If you publish on the web, it pays to analyse who’s visiting your site and how they get there. It can produce some startling results – and can really help improve your marketing and your interaction with customers.
For example, for my day job, I work as a freeleance copywriter. I’ve been doing this for about ten years, and used to be a journo before that. To promote my services, I have a brochure-ware site, which I put a bit of thought into when I created it but haven’t been back too much. It brings in some useful business, however.
Now, I’ve recently investigated and installed Google Analytics which gives you all sorts of useful information about who visits your website and which pages they go to. The bizarre thing with my website is that there’s one particular page that gets lots of hits, more even than the home page, which I worked on extensively, giving it lots of lovely search engine optimisation treatment.
But most hits go one page – the one called ‘costs‘.
I was puzzled by this, but intrigued. Could it mean that people aren’t out there searching for a ‘copywriter’, they’re actually trying to find out how much it costs to hire a copywriter? Maybe.
I think the answer, however, is that for some reason my site scores very highly in Goggle for the search term ‘copywriter costs.’
At the time of writing my costs page comes second in the rankings. And that’s searching on Google.com doing a worldwide search. I’m based in the UK, with a .co.uk URL.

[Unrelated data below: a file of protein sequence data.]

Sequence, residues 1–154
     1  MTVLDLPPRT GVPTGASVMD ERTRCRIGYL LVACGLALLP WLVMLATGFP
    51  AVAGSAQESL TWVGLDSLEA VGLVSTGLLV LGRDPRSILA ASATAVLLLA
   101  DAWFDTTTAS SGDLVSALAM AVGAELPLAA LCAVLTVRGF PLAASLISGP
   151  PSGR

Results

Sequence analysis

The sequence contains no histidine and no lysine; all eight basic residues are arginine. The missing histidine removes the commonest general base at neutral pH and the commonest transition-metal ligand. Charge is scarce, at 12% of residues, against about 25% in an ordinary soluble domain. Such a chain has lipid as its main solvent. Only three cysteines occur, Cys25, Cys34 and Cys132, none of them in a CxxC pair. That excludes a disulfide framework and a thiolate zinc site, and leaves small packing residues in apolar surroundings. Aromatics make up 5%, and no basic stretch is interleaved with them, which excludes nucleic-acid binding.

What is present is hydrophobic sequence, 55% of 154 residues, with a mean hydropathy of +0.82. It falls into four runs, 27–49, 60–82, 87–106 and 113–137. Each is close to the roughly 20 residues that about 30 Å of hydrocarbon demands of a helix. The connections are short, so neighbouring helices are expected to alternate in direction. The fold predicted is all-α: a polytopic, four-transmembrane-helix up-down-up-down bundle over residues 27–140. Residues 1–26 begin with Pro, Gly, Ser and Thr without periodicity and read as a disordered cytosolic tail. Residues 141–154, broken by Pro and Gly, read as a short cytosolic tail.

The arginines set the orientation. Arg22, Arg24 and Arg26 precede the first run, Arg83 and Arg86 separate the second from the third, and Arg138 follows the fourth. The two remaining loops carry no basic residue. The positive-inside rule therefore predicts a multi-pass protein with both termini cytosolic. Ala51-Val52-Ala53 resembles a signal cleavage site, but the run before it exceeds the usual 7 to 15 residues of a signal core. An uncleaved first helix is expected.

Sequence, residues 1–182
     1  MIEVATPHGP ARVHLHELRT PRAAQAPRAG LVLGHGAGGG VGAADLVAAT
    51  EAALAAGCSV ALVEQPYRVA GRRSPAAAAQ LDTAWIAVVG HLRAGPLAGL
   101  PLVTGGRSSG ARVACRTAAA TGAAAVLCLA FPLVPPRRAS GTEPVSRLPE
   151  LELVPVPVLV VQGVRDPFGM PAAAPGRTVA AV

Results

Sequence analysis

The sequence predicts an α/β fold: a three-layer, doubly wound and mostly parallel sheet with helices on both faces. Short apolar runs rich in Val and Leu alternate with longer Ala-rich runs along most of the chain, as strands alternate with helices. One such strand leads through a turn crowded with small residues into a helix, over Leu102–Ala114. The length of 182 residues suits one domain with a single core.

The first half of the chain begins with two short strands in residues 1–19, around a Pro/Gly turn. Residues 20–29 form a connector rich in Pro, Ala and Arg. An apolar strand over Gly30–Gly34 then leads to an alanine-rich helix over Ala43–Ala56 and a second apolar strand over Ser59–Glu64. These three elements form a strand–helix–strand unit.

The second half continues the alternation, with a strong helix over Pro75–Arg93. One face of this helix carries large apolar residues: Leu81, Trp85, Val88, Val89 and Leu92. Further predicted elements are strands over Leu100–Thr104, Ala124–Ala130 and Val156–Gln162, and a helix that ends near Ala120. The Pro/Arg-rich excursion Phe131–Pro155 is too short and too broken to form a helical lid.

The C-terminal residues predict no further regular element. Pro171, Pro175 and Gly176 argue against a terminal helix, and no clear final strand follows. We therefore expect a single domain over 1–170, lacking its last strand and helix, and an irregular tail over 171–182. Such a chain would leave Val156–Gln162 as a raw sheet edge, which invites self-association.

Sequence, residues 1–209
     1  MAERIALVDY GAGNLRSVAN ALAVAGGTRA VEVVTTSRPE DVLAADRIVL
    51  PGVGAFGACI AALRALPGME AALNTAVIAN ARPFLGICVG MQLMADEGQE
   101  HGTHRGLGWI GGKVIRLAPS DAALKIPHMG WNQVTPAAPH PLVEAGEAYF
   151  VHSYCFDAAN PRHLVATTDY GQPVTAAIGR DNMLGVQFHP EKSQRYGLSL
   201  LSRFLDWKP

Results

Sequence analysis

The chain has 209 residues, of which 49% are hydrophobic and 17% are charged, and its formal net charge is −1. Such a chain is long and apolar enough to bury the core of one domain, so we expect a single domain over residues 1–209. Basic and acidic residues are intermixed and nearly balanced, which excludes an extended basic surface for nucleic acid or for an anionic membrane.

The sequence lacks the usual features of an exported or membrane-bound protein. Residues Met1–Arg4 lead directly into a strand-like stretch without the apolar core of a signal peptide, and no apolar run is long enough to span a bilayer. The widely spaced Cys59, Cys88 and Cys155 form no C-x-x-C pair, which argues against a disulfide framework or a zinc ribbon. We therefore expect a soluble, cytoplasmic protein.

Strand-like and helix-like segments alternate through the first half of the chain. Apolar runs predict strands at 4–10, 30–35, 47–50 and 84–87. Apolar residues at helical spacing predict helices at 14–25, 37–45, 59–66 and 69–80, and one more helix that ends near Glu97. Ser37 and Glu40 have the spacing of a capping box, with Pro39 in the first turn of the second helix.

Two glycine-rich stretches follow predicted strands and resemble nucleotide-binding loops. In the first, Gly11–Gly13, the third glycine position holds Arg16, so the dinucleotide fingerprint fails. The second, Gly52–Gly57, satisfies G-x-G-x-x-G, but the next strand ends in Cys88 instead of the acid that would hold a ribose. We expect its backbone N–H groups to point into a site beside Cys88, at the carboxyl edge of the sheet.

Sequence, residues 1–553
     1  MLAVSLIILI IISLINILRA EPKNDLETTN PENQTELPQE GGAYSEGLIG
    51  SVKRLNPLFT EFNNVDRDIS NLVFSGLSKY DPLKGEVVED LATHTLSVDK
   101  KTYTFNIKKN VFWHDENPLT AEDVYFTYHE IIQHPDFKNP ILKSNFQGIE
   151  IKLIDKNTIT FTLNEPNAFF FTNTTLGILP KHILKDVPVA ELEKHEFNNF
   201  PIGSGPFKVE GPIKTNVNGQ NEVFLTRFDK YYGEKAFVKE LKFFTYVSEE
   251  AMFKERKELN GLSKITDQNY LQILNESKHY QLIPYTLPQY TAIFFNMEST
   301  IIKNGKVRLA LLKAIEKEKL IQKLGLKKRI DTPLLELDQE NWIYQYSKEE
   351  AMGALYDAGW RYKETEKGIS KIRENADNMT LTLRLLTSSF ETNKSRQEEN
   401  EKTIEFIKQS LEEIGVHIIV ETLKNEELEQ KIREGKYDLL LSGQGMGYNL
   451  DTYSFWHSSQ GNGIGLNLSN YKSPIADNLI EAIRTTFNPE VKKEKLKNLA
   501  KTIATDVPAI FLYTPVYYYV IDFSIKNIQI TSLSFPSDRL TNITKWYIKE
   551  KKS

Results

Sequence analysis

How I have achieved such a high ranking? No idea, really, although I strongly suspect it’s just because I’ve got a really strong page description and set of meta tags / keywords.
Actually, I’m a bit embarrassed about it, as I have no real information on that page about how much it costs to hire me or any other copywriter. I sell the idea of delivering real value, and fudge the whole issue of costs with:
My day rate is available on request.
And the moral of the story? Well, first of all, you need to think about what really concerns your audience or potential customers. They may want some copy written, but the thing they most want to know is, can they afford to hire a professional?
And the second thing is that the real key to search engine optimisation is the words you use. Because that brochure-ware site of mine has barely any inbound links pointing at the costs page and doesn’t have a particularly high page rank. Get to work on those keywords in your meta descriptions.